When should I sign up for Medicare?

When should I sign up for Medicare?


Signing up for Medicare can be a difficult and expensive process if it’s not handled correctly. The timing can be especially important. Because original Medicare parts A and B come from the federal government, they’re not as easy to work with. They don’t issue temporary ID cards and they prefer to run everything through paper mail. If they require an in-person meeting you need to visit the social security office, which frequently has long wait times. Even then, they won’t issue the ID cards in the office – they’ll mail it to you instead. Asking yourself “When should I sign up for Medicare?” can be one of the most important financial and medical decisions you can make. 


In this article, I’m going to review the timing surrounding the Medicare enrollment process, and why it’s so important. 


There are two general ways to be eligible for Medicare. Most members are eligible because they’re 65 or older. These people are “aging in” to Medicare. Some members under 65 years old may be on Medicare due to a disability. 




Members will automatically join Medicare parts A and B if they have been receiving disability benefits from Social Security for 24 months


When should I sign up for Medicare?

You will be automatically signed up for original Medicare (Parts A and B) on the 25th month of your disability. You should receive the ID card around the 22nd month of your disability, with an effective date of the 25th month of your disability. 


Medicare Supplement vs. Medicare Advantage – At this time in Nevada, Medicare Supplement plans are not available to those under 65 on Medicare due to a disability. However, there are excellent Medicare Advantage plans available. Some with no co-pays for the primary care provider, and dental and vision included. Many plans have a level of benefit on par with Platinum plans and for no premium. Almost all also include prescription drug coverage. 


Turning 65

Those aging into Medicare may or may not be automatically enrolled in Medicare. In general, if you’re currently taking social security they will automatically enroll you into parts A and B. If you’re not taking social security you may be automatically enrolled in part A or not enrolled at all. This is the general rule, but errors are frequent. If you’re still working or not planning on joining Medicare right away, it’s important to cancel your enrollment if you’re automatically enrolled. Your enrollment into part B places a time limit on enrolling in other coverage. When you’re ready to move forward with part B it’s recommended that you enroll in the rest of the coverage options at the same time. This may include either a Medicare Supplement with part D or a Medicare Advantage Prescription Drug Plan (MAPD)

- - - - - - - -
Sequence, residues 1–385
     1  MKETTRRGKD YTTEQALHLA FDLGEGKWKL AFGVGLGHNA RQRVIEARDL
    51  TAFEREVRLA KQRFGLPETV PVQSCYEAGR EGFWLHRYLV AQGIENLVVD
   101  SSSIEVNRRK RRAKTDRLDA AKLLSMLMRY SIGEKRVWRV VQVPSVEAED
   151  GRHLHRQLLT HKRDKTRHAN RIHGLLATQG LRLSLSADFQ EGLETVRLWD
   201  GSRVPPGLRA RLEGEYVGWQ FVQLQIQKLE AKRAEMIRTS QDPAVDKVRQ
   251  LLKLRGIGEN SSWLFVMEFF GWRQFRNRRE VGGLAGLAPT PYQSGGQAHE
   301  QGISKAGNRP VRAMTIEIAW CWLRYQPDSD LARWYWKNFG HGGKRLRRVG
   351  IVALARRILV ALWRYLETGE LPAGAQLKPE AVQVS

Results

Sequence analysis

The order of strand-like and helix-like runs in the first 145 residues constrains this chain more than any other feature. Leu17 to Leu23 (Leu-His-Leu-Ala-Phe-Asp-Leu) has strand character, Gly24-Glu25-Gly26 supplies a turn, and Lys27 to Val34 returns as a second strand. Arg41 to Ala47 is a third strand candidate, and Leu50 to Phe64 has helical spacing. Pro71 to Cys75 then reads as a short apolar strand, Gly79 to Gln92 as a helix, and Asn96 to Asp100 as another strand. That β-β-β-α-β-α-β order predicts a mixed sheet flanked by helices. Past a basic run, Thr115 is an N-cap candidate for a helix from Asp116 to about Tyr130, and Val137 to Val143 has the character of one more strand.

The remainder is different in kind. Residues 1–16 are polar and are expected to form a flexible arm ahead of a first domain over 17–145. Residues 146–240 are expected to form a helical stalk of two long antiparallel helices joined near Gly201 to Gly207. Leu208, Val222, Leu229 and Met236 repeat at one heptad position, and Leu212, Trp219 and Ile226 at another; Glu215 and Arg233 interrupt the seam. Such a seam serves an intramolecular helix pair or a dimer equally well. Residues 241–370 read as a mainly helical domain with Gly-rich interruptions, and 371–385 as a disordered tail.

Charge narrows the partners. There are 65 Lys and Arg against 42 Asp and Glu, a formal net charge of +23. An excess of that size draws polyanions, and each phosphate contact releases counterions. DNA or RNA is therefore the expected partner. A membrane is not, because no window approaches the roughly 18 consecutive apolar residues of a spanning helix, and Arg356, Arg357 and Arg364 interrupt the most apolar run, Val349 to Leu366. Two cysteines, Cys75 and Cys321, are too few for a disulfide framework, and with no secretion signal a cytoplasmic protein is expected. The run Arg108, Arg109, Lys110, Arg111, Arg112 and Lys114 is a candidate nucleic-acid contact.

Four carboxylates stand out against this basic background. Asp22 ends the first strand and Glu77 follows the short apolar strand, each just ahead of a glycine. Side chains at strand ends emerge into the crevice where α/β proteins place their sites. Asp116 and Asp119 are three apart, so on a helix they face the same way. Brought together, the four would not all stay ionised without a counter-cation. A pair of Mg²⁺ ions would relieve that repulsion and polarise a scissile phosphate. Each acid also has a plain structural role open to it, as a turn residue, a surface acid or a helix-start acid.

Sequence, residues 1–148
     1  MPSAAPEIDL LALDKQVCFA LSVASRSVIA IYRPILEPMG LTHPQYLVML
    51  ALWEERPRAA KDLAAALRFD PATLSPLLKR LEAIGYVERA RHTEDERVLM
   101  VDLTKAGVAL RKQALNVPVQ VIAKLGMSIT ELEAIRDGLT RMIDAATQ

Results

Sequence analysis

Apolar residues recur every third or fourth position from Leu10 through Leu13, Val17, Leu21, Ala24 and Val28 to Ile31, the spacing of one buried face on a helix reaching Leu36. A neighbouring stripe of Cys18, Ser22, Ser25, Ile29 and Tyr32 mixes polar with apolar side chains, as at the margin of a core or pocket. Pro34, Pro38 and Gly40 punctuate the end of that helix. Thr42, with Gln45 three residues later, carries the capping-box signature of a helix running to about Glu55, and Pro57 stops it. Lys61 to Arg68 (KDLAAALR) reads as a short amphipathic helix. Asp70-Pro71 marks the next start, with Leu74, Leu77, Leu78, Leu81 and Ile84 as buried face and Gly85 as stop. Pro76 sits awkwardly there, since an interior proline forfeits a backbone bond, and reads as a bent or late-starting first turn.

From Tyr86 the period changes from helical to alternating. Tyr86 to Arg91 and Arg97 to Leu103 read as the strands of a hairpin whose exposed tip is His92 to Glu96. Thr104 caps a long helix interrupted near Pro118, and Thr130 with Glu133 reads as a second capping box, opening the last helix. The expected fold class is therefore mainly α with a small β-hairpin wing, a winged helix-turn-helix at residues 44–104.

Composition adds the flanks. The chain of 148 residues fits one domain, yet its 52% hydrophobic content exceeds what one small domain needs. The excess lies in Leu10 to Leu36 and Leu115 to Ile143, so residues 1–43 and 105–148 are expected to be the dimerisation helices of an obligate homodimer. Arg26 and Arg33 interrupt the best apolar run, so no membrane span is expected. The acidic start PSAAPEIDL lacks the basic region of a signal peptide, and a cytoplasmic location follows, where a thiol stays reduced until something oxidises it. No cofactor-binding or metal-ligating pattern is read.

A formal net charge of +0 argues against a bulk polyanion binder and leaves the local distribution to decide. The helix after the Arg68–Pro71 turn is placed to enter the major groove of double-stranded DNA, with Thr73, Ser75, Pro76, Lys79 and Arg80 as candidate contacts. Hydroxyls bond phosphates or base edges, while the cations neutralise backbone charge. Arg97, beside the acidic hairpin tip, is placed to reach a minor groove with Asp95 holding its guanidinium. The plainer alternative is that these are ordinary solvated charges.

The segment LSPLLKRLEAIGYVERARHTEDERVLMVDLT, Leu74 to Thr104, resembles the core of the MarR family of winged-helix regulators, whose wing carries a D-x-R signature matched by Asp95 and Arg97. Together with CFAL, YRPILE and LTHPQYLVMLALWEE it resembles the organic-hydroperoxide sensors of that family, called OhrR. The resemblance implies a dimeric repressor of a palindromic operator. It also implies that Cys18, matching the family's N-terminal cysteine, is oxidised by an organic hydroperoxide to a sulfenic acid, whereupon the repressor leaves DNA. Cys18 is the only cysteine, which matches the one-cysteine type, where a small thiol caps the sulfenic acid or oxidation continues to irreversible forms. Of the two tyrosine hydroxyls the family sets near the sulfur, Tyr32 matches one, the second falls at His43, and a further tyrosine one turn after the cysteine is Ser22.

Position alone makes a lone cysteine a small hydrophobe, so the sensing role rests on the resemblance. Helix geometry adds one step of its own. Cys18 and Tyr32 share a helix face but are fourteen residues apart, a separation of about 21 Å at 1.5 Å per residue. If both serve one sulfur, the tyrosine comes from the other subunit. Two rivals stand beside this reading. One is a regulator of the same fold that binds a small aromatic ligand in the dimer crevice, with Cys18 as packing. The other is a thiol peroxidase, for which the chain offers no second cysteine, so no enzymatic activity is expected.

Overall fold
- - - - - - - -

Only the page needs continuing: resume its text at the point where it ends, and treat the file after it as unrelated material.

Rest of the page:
When should I sign up for Medicare?

3 months before your 65th birthday it’s a good idea to log in to SSA.gov and apply for parts A and B. You can usually complete the entire process online. Once you receive your ID card, it’s important to timely enroll in other coverage. Options include either a Medicare Supplement with part D or a Medicare Advantage Prescription Drug Plan (MAPD)


Over 65


As our workforce is getting older many people are continuing coverage through their job past their 65th birthday. Also, many couples may have an older spouse who will continue coverage through their job in order to cover the younger, non-medicare eligible spouse as a dependent. If the older worker were to drop coverage and move on to Medicare, unfortunately, the younger spouse would not be able to be covered through the worker’s employer. 

This leaves many individuals in their late 60’s and early 70’s signing up for Medicare for the first time. Timing is absolutely critical at this point. 

If it’s your first time signing up for Medicare part B, regardless of your age over 65, you have the same guaranteed issue rights. This means if you enroll timely medicare supplement plans cannot ask you health questions. The important part is if it’s been more than 6 months after you’ve signed up for part B, medicare supplement plans can ask you health questions. 


When should I sign up for Medicare?

The enrollment process is similar to those turning 65 except for one extra step. You’ll need a Certificate of Creditable Coverage from your employer. Once you have the notice, the next step is to contact the Social Security Administration. They may ask for this notice. This is your proof from your employer that you’ve had medical and prescription drug coverage that’s “at least as good” as Medicare. Most group health plans meet this requirement. This avoids the late enrollment penalty for part B and part D. You can usually use the same form to prove the coverage ended, making you eligible to enroll outside of the General Enrollment Period (Jan 1 to Mar 31st).


The next steps are almost identical to turning 65. It’s ideal if you’re able to log in to ssa.gov and complete as much of your application online as possible. They may need you in the local social security office to prove your Certificate of Creditable Coverage is valid. Once you receive your ID cards it would be the same process of timely enrolling in other coverage. Options include either a Medicare Supplement with part D or a Medicare Advantage Prescription Drug Plan (MAPD).


If you’re over 65 and enrolling in Medicare for the first time, it’s important that you work with a broker. Experienced brokers could save you thousands. Enrolling late into part B and D comes with penalties. Members who enroll outside of the guaranteed issue period for Medicare Supplement plans are frequently denied. Working with an experienced broker can avoid all of these problems.